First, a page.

History of sparrowhawks in the UK

A bit of important sparrowhawk history

The sparrowhawk's biggest threat has been humans for the past 150 years. In that time us humans have done two main things that have caused sparrowhawks in the UK to decline significantly.

Problem one:

Sparrowhawks were persecuted by game keepers to protect game birds such as the red grouse, pheasant and partridge. Many birds were shot during the hey day of game management in the 19th century. The sparrowhawk population made a slight recovery during the world wars when many of the game keepers had leave for service in the war.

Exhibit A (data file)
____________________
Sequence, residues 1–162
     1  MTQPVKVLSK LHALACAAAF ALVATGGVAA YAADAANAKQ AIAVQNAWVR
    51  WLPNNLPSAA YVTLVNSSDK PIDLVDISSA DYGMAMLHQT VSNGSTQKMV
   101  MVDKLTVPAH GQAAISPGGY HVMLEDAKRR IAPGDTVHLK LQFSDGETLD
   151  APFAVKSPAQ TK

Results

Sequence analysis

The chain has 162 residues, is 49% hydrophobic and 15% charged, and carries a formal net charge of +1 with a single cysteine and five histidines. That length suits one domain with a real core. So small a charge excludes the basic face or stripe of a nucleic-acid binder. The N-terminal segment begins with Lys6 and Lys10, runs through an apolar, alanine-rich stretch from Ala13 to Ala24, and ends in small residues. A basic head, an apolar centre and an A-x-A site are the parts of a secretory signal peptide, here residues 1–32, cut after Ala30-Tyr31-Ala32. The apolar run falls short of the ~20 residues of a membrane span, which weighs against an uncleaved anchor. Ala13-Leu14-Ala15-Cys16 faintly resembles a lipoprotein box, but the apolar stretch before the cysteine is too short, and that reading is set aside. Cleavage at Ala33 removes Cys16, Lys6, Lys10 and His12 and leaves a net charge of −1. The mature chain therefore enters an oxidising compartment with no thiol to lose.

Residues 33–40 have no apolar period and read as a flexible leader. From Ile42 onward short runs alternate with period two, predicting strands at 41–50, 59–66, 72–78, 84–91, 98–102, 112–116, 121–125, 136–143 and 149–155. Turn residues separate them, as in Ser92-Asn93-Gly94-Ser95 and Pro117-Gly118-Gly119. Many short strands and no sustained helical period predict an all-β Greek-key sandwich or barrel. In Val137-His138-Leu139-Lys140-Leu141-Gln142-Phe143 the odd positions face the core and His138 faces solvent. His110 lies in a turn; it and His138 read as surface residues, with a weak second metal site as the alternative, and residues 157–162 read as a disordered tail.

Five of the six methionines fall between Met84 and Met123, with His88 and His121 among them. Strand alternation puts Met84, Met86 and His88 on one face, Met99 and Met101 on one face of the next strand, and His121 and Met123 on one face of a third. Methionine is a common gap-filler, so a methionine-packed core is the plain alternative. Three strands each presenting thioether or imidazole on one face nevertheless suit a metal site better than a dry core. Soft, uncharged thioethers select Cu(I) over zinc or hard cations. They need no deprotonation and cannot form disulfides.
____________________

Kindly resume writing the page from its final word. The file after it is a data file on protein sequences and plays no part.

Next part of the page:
Problem two:

The use of pesticides on crops. Although the effects of pesticides on sparrowhawks were unintentional it was still a big problem. Pesticides made their way up the food chain when small birds ate insects found on cereal crops that had been sprayed with these pesticides. In the small birds the pesticide built up a bit due to the number of bugs they had eaten. But when sparrowhawks ate a number of these small song birds the amount of pesticide in them was enough to cause problems. These pesticides, particularly one called DDT, made the shells of sparrowhawk eggs very thin so they were easily broken in the nest. This meant that very few chicks actually hatched and few sparrowhawks survived this widescale environmental poisoning. This problem was particularly acute in areas of intensive agriculture in the eastern half of the UK.

Since the use of these pesticides has been banned the sparrowhawk population has made a big recovery and the birds can now be seen all over the UK where there is woodland.